The old schoolhouse sat amongst the weeds like an old derelict car. It leaned to the side as if it were trying to hear just one more echo of kids playing in the small patch of dirt to the side.
Jacob stood in the shade of the building, his eyes unfocused as he replayed the memories on a loop in his mind. It was almost as if he’d transported himself back in time. He saw the kids having fun. Without him. He heard the taunts, the teasing over his ragged clothing, his crooked glasses.
His fist clenched around the hard plastic handle of the gas can, his lips moving without making a sound as he talked to himself. He heard his name being shouted and blinked, looking around for the source.
“Jacob!” He heard it again. Someone was here. He looked down at the now empty gas can, the smell wafting up from the dried grasses surrounding the school he’d planned to purge from the earth. “Jacob! Didn’t you hear me?”
He turned, feeling numb and a little confused as he was yanked back to the present day. “Whaddya want?” He mumbled as he turned towards the voice that had dared to interrupt his ritual.
“My dog got loose, Jacob. Have you seen it?”
Jacob tried not to react. He shook his head ‘no,’ but his eyes flicked to the old schoolhouse. He’d propped the doors shut so that the dog couldn’t get out, but now the damn mutt was barking and yelping at the sound of his owner’s voice.
“Oh! I hear him! Thanks Jacob!” The little boy ran over to the old rickety door and pushed. “I can’t get the door unstuck! Jacob, help me!”
Jacob felt the blood pumping through his veins. His palms felt clammy and he could feel the sweat beading up on his forehead. He wanted to do bad things again. He swallowed hard and took a step towards the old building. “I’m coming, Joe. Hold onto your britches.” This boy was just like his brother. Optimistic to the point of ignoring reality. Jacob felt his fists clench just thinking of Samuel.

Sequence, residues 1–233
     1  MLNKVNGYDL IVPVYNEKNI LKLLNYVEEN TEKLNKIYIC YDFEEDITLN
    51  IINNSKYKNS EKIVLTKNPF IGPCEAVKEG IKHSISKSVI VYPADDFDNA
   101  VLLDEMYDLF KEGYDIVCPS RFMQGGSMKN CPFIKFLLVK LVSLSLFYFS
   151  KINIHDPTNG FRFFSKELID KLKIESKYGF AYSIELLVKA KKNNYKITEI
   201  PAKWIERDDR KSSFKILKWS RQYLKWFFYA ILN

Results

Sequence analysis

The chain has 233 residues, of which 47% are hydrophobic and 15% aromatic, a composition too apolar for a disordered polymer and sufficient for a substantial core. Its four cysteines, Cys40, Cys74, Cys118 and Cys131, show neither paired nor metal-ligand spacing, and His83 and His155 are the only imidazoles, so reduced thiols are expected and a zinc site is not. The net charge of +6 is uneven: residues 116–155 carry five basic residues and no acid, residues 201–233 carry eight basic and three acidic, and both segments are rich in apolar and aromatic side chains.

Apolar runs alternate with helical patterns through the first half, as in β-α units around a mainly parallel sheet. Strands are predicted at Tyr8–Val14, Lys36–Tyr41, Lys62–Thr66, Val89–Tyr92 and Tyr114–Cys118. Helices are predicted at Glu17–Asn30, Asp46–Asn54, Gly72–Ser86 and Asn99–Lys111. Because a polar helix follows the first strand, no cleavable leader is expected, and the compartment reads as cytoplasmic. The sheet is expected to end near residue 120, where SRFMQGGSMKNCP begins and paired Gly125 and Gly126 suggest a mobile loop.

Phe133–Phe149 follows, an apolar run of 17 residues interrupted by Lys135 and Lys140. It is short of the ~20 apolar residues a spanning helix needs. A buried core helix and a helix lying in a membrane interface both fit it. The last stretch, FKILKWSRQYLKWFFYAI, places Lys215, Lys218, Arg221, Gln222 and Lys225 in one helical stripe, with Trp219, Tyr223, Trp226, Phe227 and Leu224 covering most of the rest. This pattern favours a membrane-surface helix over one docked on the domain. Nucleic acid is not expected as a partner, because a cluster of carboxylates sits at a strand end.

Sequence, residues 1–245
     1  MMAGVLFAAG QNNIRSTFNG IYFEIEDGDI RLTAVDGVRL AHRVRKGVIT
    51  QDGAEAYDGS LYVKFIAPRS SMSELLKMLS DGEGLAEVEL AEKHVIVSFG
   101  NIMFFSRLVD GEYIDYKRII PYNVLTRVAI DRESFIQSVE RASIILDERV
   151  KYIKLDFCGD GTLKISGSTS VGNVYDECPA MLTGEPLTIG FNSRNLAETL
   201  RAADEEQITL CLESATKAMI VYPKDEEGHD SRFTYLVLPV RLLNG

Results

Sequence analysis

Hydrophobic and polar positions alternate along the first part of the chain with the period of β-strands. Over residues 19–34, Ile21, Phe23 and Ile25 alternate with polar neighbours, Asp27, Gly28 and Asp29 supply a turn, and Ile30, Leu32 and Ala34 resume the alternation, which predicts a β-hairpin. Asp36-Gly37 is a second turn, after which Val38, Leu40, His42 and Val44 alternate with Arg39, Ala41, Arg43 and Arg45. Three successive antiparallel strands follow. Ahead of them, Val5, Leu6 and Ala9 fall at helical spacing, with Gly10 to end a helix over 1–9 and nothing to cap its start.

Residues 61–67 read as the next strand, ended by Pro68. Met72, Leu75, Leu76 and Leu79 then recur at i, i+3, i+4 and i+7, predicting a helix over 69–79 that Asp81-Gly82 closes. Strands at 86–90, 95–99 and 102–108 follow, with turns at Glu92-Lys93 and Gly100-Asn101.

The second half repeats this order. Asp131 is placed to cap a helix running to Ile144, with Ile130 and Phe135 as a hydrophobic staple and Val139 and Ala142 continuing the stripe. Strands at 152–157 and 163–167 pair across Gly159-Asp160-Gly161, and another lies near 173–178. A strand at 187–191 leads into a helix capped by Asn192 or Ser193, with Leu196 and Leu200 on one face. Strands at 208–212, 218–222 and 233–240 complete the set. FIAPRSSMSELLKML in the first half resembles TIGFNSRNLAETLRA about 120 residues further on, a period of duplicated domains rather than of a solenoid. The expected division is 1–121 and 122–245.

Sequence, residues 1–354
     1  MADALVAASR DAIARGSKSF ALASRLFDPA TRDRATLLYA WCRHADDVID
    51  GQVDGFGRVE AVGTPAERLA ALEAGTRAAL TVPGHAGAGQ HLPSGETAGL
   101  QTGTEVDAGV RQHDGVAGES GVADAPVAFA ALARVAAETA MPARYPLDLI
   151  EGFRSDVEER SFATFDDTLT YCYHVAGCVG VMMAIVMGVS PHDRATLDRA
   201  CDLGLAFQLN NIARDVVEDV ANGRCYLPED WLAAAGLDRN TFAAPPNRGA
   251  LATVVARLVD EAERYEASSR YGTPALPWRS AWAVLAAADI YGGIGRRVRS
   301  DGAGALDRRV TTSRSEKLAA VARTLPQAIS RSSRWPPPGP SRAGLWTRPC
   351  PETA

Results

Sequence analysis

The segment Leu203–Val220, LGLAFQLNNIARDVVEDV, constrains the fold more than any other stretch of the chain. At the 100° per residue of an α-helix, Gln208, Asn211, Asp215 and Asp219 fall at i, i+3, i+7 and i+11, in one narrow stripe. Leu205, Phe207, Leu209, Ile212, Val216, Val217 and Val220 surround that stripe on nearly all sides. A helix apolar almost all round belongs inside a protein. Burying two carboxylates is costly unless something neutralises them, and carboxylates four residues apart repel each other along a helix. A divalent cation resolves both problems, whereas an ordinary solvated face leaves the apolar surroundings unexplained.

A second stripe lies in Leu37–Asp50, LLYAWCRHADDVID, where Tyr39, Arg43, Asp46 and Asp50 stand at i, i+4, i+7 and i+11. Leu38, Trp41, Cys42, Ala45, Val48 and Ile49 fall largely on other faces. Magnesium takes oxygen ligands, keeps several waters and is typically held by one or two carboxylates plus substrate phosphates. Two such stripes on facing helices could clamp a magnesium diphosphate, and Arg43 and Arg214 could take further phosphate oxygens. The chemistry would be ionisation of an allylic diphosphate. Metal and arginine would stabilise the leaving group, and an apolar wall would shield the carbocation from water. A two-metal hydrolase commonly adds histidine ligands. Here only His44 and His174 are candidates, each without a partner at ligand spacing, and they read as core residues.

Walking up, he pulled at the top of the door, allowing it to open just far enough for the boy to grab his pet.
The urge was too great. Jacob took his boot and pushed the boy inside, slamming the door shut and jamming the rock back up against the outside again.
“Jacob! I fell inside! Help me!” The boy didn’t sound scared. Not yet. He had no idea. He was just as dumb as Samuel.
He stepped backwards, walking down the worn wooden steps as he listened to the boy’s cries. A slow smile spread across Jacob’s face as he heard the panic start to creep into the boy’s voice.
Reaching into the pocket of his flannel shirt, he pulled out the lighter.
“Just a minute, Joe. I’m going to get something to open the door.” Jacob took another step back, ‘No reason I can’t give him a little hope…’ he thought.
He touched the lighter to the edge of the grass, watching as the flame danced around the dry blade until it caught. When the fire started, it burst over the fuel soaked weeds. Jacob jumped back so fast he almost fell.
The smoke filled his nostrils as he stood to his feet, his eyes burning as he watched the flames racing towards the old schoolhouse.
He knew the moment that Joe realized there was a fire. The high pitched keening wail filled him with such a deep satisfaction. The boy was nothing. He’d been spoiled anyway. He’d gotten everything he ever wanted. Just like Samuel.
He turned away, the lighter slipping back into his pocket as he headed for home. The screaming boy, the barking dog would feed his dreams for weeks. He walked the two miles home, his barefeet scraping the dirt road, a huge smile plastered across his face.
You can read more shorts on Jacob & Samuel:
I am so excited to tell you that I *finally* got through the publishing process (and I have so much more respect for everyone else who does this often!)
The ebook is